Looking at the season so far, it may not be surprising that the opening race of the year, in Melbourne, was completed in an order most similar to that in which they started in. Eight of the fourteen finishers completed the race in the exact same position they started in and the other six only made minor gains and losses – Vitaly Petrov’s climb from sixth to third being the biggest mover. Nor is it any shock to see that Canada and Britain produced the most mixed up finish as the influence of the weather came into play. However, even their correlations of 0.75 and 0.76 respectively are not the sign of a remarkably chaotic race, although it’s fair to admit they ignore the way Jenson Button went about winning in Montreal – there are easier ways of going from seventh to first. To put the values into context, the thrilling 2009 Brazilian Grand Prix, which saw a mixed up grid after a wet qualifying session, scored a 0.31 as the back of the grid tore through the field while many of the front-runners tripped up as Button claimed his World Drivers’ crown.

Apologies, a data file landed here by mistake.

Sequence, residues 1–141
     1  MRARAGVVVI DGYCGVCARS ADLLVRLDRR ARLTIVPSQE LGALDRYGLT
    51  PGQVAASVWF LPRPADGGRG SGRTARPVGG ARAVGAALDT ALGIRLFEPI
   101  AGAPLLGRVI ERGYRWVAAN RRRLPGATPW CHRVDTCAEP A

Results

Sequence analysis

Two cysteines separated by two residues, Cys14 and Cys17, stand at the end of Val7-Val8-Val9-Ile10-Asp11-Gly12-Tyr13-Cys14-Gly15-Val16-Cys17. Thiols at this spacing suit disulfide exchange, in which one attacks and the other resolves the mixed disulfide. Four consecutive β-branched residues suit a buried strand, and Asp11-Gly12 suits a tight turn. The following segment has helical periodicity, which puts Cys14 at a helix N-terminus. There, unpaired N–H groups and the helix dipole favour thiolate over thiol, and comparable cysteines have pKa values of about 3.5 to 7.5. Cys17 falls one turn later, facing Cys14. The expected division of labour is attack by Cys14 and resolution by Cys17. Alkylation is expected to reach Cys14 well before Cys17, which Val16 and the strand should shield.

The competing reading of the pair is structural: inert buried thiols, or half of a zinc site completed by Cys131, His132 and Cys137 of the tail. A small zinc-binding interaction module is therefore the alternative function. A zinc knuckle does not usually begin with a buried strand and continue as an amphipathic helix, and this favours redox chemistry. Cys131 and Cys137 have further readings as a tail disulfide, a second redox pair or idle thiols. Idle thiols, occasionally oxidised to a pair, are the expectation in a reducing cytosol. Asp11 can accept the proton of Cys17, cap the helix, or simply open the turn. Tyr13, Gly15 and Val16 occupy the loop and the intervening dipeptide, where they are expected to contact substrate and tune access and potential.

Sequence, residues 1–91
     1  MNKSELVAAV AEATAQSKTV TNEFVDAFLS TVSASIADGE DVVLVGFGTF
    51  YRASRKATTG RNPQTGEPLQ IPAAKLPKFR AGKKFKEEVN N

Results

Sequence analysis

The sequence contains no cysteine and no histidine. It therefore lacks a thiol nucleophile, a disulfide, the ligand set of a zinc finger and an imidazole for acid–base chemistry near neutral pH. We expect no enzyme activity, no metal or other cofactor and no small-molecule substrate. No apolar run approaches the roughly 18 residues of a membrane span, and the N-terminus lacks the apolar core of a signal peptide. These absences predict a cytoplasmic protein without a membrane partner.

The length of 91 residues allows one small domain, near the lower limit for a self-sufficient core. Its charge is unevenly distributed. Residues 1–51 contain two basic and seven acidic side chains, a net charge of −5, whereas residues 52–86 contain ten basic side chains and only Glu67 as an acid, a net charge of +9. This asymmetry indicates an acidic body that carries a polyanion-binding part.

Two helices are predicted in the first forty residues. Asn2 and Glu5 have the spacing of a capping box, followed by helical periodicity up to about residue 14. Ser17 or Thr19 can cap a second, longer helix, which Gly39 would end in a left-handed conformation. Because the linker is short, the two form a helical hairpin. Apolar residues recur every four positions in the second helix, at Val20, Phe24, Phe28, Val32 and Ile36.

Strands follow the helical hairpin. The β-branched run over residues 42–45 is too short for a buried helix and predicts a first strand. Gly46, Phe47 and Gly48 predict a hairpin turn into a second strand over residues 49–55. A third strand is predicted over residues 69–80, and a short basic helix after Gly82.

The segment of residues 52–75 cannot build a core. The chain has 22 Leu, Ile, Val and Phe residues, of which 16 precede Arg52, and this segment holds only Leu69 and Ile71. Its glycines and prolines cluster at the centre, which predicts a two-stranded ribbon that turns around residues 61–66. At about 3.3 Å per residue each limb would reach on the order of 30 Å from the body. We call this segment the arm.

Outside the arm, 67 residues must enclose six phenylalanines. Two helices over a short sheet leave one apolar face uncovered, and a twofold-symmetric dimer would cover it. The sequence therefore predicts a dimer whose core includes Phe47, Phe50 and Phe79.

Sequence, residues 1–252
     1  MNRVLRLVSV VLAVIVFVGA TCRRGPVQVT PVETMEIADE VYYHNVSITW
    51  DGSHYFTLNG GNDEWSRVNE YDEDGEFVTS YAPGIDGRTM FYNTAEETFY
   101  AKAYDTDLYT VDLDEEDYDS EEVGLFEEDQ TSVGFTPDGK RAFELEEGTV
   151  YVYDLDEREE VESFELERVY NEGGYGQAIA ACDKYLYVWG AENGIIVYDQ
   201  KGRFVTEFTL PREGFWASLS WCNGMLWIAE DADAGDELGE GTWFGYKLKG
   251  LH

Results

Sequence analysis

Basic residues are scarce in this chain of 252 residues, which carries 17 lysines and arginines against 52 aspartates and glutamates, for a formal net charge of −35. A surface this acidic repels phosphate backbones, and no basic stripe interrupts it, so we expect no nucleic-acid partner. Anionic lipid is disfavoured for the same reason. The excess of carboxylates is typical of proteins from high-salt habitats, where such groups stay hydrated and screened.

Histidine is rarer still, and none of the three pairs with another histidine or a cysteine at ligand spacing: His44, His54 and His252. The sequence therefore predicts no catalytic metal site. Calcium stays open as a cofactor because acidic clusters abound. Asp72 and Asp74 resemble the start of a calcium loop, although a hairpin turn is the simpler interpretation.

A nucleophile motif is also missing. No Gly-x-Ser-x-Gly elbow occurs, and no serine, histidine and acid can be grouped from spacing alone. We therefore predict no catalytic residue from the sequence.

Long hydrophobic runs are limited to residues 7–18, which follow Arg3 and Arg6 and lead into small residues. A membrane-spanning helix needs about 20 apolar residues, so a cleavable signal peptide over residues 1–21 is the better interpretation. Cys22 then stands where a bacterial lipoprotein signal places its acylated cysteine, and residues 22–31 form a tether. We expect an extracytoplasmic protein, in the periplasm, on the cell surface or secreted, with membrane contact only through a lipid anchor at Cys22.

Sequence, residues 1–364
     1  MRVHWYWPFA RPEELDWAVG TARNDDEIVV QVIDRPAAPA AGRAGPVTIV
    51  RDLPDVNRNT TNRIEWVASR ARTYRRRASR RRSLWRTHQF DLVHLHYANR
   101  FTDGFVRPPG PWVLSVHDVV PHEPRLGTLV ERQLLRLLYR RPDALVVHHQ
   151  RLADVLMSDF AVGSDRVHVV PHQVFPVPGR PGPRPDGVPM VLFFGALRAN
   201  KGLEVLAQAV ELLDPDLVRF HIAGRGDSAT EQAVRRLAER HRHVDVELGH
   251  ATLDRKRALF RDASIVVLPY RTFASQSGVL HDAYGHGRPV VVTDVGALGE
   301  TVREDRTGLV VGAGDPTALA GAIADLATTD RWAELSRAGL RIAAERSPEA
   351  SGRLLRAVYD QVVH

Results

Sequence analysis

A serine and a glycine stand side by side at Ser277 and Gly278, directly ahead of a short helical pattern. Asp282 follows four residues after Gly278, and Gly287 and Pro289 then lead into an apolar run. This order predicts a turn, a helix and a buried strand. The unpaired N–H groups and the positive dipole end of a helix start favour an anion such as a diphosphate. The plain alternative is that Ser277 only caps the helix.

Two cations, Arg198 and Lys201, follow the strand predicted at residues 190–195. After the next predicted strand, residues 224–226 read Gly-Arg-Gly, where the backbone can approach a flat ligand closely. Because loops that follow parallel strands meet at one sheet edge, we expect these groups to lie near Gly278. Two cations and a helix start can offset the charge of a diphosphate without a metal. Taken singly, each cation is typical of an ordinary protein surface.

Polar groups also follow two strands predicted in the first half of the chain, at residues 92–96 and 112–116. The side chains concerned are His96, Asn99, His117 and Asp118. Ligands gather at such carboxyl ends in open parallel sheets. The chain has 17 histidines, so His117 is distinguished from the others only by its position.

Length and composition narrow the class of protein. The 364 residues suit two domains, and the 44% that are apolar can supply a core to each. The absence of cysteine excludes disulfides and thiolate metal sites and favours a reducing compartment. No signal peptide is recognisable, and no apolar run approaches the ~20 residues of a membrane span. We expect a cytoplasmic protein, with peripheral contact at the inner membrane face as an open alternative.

However, who would have thought that statistically speaking, the German Grand Prix was actually quite a dull affair? The front three may have been nose-to-tail for almost the entire race but that’s pretty much where they had started. Kamui Kobayashi’s climb up the field and Sebastien Buemi’s recovery from the back of the grid after being excluded from qualifying the only major changes.